Archive for March, 2007

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Where there’s smoke

March 21, 2007

US Attorney Carol Lam, who was prosecuting the Duke Cunningham case, officially notified the DoJ on May 10 2006 that she would be issuing a subpoena to “Dusty” Foggo, the hastily retired number two at the CIA, who had fingers in every military and intelligence pork pie in Washington. The very next day, now hastily retired Kyle Sampson wrote the notorious email declaring that “we have a real problem right now with Carol Lam”, and that Justice should be prepared to axe her the moment her current term ended.

This is what is known as a smoking gun.

On Monday, George W. had reached such a pitch of desperation over Purgegate that he made a speech in which he characterized Karl Rove, a sleaze specialist widely lionized by Republicans primarily for his ability to limbo lower than an earthworm’s belly at the drop of a push poll, as an “honorable public servant”. (Tragically, taping of Hannity’s show had to be delayed for half an hour while the host recovered from a laughing fit.)

This is what is known as a smirking gun.

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Blog comment of the day

March 21, 2007

(Excuse the dearth of posts. Verizon in its wisdom saw fit to leave the household bereft of phone service for several days, but now the lines are humming once again. We take comfort; if NSA had been listening in, they’d have insisted on getting our service restored faster. )

Comment by Republicant this morning on Digby:

The GOP gave us the first actor president. Now we have the first
cartoon president. I have heard rumors that there is a movement¬† to draft a stick figure for ’08.

Though such a draft movement may exist, I personally suspect that George Allen has been sufficiently humiliated for this cycle, and will decline.

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Creative recruitment

March 15, 2007

With these guys, it’s always “Support the troops” and “back the troops”. But it’s never back-support the troops.

A few rotations down the road, when sending injured soldiers back to battle won’t do the trick for them, will they be reduced to making midnight raids on Arlington Cemetery to get the numbers up?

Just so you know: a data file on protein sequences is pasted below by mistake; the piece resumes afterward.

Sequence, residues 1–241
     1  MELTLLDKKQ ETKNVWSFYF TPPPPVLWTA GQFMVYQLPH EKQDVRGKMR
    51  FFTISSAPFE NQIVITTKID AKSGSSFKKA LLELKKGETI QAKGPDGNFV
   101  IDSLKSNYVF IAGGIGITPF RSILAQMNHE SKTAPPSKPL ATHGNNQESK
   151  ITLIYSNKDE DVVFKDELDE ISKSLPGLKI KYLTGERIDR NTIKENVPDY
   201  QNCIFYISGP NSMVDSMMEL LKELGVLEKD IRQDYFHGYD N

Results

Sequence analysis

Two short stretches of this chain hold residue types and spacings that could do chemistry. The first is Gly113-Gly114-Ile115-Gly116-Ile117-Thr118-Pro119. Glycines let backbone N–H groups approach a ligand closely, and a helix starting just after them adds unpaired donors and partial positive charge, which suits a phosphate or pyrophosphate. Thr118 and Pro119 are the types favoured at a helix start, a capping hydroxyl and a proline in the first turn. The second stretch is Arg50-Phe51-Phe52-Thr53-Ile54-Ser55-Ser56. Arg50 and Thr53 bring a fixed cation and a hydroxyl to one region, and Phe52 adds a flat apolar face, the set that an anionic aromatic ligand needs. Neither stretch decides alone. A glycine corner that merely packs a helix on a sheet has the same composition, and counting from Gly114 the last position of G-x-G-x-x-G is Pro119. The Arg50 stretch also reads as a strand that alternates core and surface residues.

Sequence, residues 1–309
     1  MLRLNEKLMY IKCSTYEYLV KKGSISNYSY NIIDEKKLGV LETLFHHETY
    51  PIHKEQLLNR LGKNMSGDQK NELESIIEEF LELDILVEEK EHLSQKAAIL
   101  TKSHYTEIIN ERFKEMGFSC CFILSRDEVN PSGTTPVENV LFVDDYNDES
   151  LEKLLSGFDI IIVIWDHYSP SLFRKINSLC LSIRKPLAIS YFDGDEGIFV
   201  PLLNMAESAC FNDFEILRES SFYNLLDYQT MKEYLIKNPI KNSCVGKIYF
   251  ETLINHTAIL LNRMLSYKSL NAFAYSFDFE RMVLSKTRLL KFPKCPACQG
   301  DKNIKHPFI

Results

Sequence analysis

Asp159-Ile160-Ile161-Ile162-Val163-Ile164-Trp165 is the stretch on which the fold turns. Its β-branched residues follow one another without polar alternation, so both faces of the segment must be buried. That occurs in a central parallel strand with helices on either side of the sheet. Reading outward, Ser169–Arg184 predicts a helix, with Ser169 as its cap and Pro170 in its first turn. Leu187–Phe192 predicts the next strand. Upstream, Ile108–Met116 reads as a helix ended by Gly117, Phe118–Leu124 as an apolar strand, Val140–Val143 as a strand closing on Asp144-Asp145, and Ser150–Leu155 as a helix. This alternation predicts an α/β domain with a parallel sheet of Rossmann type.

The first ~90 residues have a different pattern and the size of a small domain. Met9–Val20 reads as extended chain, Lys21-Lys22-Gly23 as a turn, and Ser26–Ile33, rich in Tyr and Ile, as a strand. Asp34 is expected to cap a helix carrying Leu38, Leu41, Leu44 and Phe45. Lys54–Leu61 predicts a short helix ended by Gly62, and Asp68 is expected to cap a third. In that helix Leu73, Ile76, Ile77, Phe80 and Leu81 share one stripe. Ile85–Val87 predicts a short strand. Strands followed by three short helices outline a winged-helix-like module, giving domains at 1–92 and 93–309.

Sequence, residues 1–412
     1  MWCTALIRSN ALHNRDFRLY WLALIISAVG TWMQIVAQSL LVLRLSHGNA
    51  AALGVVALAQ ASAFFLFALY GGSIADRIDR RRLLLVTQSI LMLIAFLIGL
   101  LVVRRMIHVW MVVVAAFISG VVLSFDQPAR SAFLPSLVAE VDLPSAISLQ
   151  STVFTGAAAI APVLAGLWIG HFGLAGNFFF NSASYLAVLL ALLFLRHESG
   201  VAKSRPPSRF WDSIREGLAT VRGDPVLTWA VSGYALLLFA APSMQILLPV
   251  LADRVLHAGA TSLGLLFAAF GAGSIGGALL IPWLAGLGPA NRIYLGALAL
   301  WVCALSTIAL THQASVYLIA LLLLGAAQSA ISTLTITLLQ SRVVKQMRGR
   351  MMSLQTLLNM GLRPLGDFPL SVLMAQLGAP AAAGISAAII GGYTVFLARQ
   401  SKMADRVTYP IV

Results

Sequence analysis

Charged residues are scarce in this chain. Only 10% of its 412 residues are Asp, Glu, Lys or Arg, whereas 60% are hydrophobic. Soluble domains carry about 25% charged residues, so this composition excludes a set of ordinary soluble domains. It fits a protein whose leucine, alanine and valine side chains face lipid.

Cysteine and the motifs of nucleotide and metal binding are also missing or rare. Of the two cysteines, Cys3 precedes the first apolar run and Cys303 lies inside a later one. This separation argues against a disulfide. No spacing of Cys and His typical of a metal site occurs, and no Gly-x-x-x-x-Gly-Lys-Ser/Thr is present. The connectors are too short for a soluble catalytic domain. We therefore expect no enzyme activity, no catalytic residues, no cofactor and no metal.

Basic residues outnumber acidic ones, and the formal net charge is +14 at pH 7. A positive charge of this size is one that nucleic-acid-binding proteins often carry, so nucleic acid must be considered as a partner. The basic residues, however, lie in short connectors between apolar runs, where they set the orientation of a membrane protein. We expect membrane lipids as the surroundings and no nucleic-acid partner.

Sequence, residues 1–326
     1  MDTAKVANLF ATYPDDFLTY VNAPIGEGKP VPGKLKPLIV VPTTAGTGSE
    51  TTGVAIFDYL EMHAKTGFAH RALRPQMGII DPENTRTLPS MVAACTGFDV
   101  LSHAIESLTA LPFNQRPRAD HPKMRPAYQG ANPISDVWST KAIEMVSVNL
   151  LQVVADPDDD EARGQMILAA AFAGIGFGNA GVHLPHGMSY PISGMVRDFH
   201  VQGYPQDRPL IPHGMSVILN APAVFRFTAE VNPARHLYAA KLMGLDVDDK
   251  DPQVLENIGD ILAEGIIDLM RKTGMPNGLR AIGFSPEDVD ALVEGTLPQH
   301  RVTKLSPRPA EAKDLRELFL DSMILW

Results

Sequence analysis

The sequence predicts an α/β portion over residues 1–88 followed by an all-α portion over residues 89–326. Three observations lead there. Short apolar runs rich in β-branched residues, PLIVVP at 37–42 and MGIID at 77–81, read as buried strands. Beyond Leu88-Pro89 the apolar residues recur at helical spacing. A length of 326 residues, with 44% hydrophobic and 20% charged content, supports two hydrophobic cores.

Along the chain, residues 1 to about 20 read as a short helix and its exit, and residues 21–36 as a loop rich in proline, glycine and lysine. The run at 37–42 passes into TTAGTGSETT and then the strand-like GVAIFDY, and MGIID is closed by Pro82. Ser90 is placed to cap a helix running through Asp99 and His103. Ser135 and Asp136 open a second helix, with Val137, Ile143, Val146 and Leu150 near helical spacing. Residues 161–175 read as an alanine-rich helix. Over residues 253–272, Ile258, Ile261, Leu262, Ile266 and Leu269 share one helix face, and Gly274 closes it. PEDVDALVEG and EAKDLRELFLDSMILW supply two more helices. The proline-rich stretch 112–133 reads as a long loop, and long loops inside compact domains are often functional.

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That wasn’t so hard, now, was it?

March 12, 2007

“Who would Jesus torture?”

The answer has always been obvious. But over the last five years, it has grown more and more difficult to hold one’s head erect while admitting to being both an American and a Christian. Through those years, virtually all the self-proclaimed patriots and “Christian leaders” in the national public arena have insinuated that there is no more perfect exemplar of the imitatio Christi than the delightfully manly, almost George-Bushlike, Jack Bauer. A robust approval of torture, and a loyal defense of the torturers, have sometimes seemed at least as central to the catechism of The Faith, American style, as the Incarnation or the Resurrection.

Now, finally, the Christians without the megaphones in hand have spoken. The National Association of Evangelicals has forthrightly condemned the use of torture in the war against terror. Bolder than the United States congress, it has made it clear that it is unacceptable to weasel our way into the practice of torture by passing the buck with renditions; or by excusing some of its forms as merely “cruel, inhuman, or degrading treatment”, and therefore morally permissible. Unlike every sitting Republican senator, and a third of the Democrats, they have also reached deep into their souls, and found the gumption to take exception to indefinite detentions without charges or trials.

See the LA Times summary here, or the endorsed document itselfhere.

For too many years, the evangelical churches in America have been largely in a state of rank apostasy. Bush regularly placed his whole trust in Mammon and Moloch, and when he did, theologically conservative churches either fell to their knees at his side, or held their silence. It is an inexpressible relief to watch this frail green shoot of spiritual health poking up through the long-scorched earth.

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Cheney’s pre-4/19 mindset

March 6, 2007

I will be out of Internet range until Sunday. Boston seems to have interchanged January with March this year, and some downtime with pelicans, flamingos, Madame Bovary, and Lie algebras will be welcome.